Darren Murph, Head of Remote, explains how GitLab's values influence the company's approach to documentation.
While many companies are navigating the challenges of remote work for the first time, for GitLab, it's nothing new. The company has been fully-remote since its inception, and has over 1,300 employees in 65 countries around the world. As the San Francisco Chronicle puts it, "GitLab was remote before remote was cool."
Darren Murph has been GitLab's Head of Remote since 2019, and perhaps unsurprisingly, is now a wildly in-demand resource for advice on navigating the brave new world of remote work. We sat down with Murph to learn how his team has shaped a culture of documentation to match their company values.
According to Murph, the first thing to know is that companies need a single source of truth to operate effectively. What they do and how they do it must be written down, and it can't be stale or stagnant. Company documentation should be a living, breathing thing, something that employees are motivated to actively invest in, beyond just looking up information when they have questions. "It can't be just this reference thing," Murph says. "It has to be the heartbeat of where work happens."
Now that so many companies around the globe are working remotely — and many plan to do so indefinitely — the need for this kind of deeply-ingrained documentation is stronger than ever.
“You need a single source of truth. If you have multiple sources of truth, organizationally, people will have less faith and understanding that [the information] matters and they can trust it.”
GitLab has six core values: collaboration, results, efficiency, diversity & inclusion, iteration, and transparency (CREDIT). Each of these values drives the company's approach to documentation and ensures that every employee is empowered to do their best work.
Every employee at GitLab is encouraged to contribute. This applies to everything from small daily tasks all the way up to the CEO's work. Team, title, and tenure are all secondary to the spirit of open communication. As GitLab puts it, its employees have "short toes" — meaning it's not possible to step on anyone's toes, because collaboration is always welcomed. Being able to contribute to high-level projects like the company handbook gives employees a sense of ownership and buy-in from day one.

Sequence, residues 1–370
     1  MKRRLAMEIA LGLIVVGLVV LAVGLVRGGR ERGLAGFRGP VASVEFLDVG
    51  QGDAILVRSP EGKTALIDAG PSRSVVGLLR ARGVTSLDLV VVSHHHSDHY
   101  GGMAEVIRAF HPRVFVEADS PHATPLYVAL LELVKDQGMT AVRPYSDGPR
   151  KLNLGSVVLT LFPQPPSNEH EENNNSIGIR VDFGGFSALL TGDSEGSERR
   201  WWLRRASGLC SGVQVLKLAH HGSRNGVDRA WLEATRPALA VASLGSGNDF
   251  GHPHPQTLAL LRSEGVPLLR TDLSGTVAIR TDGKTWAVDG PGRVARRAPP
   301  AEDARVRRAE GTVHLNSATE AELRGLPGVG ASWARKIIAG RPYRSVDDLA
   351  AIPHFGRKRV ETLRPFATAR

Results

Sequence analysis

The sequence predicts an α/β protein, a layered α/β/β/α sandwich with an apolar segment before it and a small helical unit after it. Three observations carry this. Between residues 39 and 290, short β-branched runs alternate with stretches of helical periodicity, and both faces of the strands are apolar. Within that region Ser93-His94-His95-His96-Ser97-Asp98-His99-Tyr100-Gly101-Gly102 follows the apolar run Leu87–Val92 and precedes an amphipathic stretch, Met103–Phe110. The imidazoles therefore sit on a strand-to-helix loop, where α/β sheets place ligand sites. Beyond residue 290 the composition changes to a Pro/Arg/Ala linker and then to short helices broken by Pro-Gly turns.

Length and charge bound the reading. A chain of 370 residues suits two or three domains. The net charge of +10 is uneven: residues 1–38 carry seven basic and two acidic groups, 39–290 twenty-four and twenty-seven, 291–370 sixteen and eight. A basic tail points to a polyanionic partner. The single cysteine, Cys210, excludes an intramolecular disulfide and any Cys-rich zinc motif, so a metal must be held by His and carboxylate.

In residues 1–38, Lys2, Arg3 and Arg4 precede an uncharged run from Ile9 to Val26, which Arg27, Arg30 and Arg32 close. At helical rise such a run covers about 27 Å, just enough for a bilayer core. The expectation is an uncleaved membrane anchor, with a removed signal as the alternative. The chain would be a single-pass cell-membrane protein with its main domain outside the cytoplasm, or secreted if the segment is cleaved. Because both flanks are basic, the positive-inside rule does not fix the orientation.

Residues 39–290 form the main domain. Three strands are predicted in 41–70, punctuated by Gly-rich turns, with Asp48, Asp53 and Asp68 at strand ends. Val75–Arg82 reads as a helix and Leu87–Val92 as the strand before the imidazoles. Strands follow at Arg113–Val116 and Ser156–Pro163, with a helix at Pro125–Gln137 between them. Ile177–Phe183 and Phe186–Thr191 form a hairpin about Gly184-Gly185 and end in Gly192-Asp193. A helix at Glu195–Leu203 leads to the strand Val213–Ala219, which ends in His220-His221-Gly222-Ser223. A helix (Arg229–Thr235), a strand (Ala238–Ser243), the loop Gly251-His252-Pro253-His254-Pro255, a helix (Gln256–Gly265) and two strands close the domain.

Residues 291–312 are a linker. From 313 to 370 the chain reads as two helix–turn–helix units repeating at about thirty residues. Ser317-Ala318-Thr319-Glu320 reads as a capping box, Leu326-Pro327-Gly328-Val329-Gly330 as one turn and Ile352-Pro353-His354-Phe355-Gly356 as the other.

GitLab's commitment to results extends to every aspect of its work, including documentation practices. The team keeps a close eye on when the various sections of the company handbook were last updated, and page maintainers receive regular pings to remind them to keep content fresh. This way, the handbook adapts alongside the company in real time.
GitLab's CEO, Sid Sijbrandij, worked on the earliest versions of the company handbook, including a section that explained how to use it. This section was shown to all new hires — they came in with no deep understanding of the company culture and processes but still could follow the steps in the handbook to start contributing right away. As Murph says, it's helpful to have documentation be a single employee's job, but it's better to be able to make it everyone's job.
Eventually, though, the company grew to the point that an official role was needed to support its dedication to remote work, and thus the Head of Remote role was born. Together, GitLab and Murph pioneered the role to adapt the company's workflows to be remote-first.
As the company's documentation on the Head of Remote role notes, working remotely is too important to leave to chance. For large companies, the benefit of this role is clear, but Murph recommends hiring a chief documentarian for companies that aren't yet ready for a Head of Remote. A chief documentarian will codify the ways the company works, which is essential for a successful remote culture. This person needs strong editorial skills and journalistic thinking, so ex-editors, publishers, or internal communications managers have ideal backgrounds, according to Murph. After all, "a company is a series of stories," he says, so companies need someone who understands those stories and can document them accordingly.